RIPPER malware suspected behind $350K Thailand ATM heist, report

RIPPER shared several traits with previous variants of ATM Malware but it also includes new features and capabilities.
RIPPER shared several traits with previous variants of ATM Malware but it also includes new features and capabilities.

FireEye researchers dove into the inner workings of the RIPPER ATM malware which they believe allowed a pack of cyberthieves to make off with a jackpot worth 12 million baht ($350,000 U.S.).

At first glance, RIPPER shared several traits with previous variants of ATM Malware but it also includes new features and capabilities, some of which were a first including the ability to target three of the main ATM vendors worldwide, according to an Aug. 26 blog post.

“It uses the same code for the three platforms that interacts with the XFS Middleware,” FireEye Senior Staff Malware Researcher Daniel Regalado told SCMagazine.com via emailed comments. “That is possible since the XFS Middleware is a standard supported by all ATM vendors.”

Another new feature is in how the malware interacts with the ATM by inserting a specially manufactured ATM card complete with an EMV chip which serves as an authentication mechanism. Despite its use by the Skimmer malware family, researchers said it is an uncommon mechanism.

Researchers compared similarities between RIPPER and the ATM theft in Thailand noting that a sample of the malware was uploaded to VirusTotal from an IP address in Thailand just a few minutes before the Bangkok Post reported the theft of 12 million baht from ATMs, the post said.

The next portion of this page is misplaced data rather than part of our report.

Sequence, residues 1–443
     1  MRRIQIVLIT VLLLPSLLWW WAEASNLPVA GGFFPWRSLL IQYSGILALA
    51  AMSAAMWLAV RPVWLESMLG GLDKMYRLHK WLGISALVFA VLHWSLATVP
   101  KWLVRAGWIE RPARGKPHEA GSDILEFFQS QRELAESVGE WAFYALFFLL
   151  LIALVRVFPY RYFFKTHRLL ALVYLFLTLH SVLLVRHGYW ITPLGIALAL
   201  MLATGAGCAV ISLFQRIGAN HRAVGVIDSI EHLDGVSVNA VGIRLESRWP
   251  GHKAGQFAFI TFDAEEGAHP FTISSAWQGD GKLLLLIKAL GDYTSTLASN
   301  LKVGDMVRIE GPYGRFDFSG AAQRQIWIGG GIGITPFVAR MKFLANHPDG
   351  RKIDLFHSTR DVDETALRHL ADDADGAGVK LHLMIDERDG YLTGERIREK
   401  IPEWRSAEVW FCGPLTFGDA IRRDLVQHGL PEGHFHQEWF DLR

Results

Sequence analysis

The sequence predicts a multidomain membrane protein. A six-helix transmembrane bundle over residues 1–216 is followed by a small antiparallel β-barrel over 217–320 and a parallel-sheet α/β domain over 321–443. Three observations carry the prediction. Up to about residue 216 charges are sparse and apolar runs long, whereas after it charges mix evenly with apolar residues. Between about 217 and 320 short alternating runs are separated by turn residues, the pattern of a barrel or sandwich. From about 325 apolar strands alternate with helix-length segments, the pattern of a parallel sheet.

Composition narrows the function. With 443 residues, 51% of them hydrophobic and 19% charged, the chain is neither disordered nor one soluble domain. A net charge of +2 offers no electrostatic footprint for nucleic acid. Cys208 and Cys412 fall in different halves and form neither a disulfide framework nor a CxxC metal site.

According to public sources, the ATMs were physically accessed by the thieves in August 2016, there was consistency in the ATM brand affected, open sources reported that the malware disconnected the ATMs from the network and the malware sample requires an ATM with an EMV chip reader.

The researchers' analysis of Ripper found the sample was submitted from Thailand, contained a PE timestamp of July, 10 2016, there was consistency in the brand affected, and the malware also required an ATM with an EMV chip reader.

“This malware family can be used to compromise multiple vendor platforms and leverages uncommon technology to access physical devices,” researchers said in the post. “In addition to requiring technical sophistication, attacks such as that affecting the ATMs in Thailand require coordination of both the virtual and the physical.”

The suspects in the heist are believed to be behind similar ATM thefts in Taiwan reportedly fled Thailand after stealing the 12 million baht from a state-run bank.

“I think these heists will continue in those countries that still have those old Windows XP ATM Machines running the affected ATM Vendor software,” Regalado said.

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